Niles grad up for superintendentPublished 12:32am Saturday, February 6, 2010
By JESSICA SIEFF
Niles Daily Star
The fourth candidate in the Star’s look at those up for consideration for superintendent of the Niles Community Schools system is one of its own.
Tina Templin is a graduate of Niles High School’s class of 1976 and is currently superintendent of DeWitt Public Schools in DeWitt, Mich., just north of the state’s capitol.
“In partnership with parents, the faculty provides a first rate education with many of our students excelling in academics, athletics, music/band and theater,” Templin states in her superintendent’s message posted on the district’s Web site. “All district schools received an ‘A’ on the State of Michigan Education YES! annual reporting indicators. DeWitt Public Schools’ students demonstrate solid proficiency on state assessments and many achieve regional, state and national awards.”
Following her graduation from NHS, Templin went on to receive degrees in elementary education and educational administration at Michigan State University.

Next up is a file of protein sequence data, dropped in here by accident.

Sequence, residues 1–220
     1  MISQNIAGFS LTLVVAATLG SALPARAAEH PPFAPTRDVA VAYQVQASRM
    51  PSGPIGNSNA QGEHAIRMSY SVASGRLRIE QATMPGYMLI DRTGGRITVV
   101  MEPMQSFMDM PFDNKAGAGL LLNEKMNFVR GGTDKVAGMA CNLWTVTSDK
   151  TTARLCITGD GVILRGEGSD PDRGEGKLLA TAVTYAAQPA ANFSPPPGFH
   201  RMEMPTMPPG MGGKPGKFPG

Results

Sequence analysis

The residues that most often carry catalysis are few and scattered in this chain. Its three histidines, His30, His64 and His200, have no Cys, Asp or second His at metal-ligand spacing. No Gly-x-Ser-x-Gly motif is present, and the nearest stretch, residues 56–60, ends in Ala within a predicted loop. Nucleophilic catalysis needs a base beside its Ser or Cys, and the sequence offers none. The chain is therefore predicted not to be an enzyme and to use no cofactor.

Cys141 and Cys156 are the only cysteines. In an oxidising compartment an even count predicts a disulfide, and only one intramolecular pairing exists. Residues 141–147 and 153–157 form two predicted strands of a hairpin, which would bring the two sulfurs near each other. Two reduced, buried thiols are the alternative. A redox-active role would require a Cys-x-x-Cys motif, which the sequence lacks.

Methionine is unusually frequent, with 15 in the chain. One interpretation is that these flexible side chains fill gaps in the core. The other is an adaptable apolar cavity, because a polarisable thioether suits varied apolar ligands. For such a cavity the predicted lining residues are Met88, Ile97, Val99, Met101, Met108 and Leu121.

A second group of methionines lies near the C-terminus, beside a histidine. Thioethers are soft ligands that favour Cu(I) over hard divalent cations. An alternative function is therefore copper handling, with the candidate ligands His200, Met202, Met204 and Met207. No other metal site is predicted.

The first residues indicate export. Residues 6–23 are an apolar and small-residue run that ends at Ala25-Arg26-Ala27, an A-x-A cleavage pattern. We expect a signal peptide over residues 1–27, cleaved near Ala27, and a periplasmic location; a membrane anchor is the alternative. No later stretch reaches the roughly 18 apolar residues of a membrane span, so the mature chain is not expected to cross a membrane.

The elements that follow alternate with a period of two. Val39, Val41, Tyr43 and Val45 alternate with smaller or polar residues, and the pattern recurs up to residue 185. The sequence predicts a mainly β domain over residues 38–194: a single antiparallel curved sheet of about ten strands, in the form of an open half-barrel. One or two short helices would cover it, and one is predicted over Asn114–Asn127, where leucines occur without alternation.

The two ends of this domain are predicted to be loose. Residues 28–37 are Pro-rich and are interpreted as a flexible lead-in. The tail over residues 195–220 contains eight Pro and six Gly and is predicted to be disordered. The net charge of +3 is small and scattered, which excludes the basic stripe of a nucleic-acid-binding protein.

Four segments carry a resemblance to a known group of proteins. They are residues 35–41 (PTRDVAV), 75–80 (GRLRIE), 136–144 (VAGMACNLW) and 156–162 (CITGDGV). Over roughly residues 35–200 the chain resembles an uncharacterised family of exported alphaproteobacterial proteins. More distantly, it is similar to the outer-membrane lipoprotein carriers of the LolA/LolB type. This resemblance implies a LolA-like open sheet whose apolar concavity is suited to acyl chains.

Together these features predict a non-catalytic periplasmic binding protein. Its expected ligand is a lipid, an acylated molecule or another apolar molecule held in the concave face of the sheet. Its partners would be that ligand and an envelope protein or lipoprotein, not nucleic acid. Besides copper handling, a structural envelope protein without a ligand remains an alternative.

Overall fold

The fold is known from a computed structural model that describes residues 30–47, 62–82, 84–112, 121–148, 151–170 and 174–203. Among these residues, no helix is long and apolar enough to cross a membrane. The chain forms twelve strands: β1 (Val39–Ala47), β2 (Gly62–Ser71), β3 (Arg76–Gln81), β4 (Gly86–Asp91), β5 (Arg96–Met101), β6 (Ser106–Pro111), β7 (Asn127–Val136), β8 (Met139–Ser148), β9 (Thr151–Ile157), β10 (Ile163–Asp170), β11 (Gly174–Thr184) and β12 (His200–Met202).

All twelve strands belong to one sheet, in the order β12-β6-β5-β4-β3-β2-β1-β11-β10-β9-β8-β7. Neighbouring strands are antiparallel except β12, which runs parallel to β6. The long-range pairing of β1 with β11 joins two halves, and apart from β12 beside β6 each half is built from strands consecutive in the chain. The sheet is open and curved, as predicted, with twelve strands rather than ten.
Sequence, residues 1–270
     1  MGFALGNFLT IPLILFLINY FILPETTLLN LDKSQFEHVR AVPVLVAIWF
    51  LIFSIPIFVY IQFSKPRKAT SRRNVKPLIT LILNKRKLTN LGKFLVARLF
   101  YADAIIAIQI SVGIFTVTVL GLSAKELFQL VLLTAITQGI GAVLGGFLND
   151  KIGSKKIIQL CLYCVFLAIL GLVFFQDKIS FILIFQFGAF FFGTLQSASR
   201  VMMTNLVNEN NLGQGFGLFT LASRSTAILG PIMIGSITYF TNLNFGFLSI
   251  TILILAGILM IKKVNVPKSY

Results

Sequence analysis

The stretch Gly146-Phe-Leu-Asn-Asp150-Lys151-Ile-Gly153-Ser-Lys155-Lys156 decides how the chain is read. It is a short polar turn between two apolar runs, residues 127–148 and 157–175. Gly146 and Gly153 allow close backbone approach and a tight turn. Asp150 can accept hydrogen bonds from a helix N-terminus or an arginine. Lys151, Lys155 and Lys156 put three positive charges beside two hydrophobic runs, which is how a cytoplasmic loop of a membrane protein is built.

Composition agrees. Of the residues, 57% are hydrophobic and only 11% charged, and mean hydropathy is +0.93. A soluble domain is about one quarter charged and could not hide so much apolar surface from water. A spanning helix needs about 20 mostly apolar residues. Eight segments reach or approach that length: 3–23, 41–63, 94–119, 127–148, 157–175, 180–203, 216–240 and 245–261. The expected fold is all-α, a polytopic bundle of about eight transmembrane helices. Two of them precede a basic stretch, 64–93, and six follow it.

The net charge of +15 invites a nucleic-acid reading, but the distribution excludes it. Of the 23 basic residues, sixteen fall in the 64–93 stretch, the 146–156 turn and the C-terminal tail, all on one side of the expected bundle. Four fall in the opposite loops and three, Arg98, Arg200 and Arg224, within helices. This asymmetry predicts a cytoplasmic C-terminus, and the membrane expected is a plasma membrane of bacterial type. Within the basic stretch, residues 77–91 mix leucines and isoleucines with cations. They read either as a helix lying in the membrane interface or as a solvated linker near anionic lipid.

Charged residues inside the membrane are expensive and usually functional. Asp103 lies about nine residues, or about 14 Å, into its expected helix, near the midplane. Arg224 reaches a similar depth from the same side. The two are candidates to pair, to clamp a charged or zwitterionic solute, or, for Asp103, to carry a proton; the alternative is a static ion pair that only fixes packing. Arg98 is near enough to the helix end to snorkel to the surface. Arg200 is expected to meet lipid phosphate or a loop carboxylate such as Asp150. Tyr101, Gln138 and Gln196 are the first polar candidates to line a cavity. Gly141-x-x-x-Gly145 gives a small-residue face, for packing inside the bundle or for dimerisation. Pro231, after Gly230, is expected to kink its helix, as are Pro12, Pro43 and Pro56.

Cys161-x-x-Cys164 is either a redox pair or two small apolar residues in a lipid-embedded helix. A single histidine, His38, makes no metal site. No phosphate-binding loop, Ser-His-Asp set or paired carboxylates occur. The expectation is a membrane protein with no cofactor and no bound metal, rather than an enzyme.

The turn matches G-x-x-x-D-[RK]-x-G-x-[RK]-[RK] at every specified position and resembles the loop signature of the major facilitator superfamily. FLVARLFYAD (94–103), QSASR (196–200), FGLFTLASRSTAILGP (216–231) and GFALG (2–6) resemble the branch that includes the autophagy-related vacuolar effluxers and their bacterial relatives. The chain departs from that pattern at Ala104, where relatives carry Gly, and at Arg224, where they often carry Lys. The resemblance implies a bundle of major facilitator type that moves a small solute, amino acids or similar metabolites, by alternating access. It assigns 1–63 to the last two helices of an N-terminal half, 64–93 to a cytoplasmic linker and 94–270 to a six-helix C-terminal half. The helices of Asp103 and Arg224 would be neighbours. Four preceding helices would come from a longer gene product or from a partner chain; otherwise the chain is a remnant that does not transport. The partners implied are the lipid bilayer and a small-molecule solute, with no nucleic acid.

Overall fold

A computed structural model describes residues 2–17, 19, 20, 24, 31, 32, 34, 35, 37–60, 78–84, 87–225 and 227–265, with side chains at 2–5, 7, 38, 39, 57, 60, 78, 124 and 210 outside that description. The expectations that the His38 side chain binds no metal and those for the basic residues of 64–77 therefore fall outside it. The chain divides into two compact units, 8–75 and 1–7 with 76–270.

She began her career in Colorado as an elementary school teacher before returning to Michigan. She went on to become principal at St. Johns Public High School in St. Johns and assistant superintendent for DeWitt in 1999; she became superintendent for the district in 2005.
According to her resume, Templin is a member of the Association for Supervision and Curriculum Development, the Michigan Institute for Educational Management and the Educational Research Service.
Like many school districts across the state, DeWitt is also taking a close look at its budget as state reductions in aid make an impact on their bottom line.
According to a story in the Lansing State Journal, the district recently amended its budget for the current school year. When the district drew up its initial budget, a reported seven positions (consisting of counselors and media specialists) were lost.
“We were all heartsick over the impact on our youngest students,” Templin is quoted as saying.
The district apparently used its fund equity to make up for a shortfall of $316,000.
Also according to the story, the amendment included “a $100 co-pay per month for members, a reduction in cash-in-lieu amounts,” higher insurance deductibles, “an increase in secondary lab class sizes, and an early notification of retirement incentive.”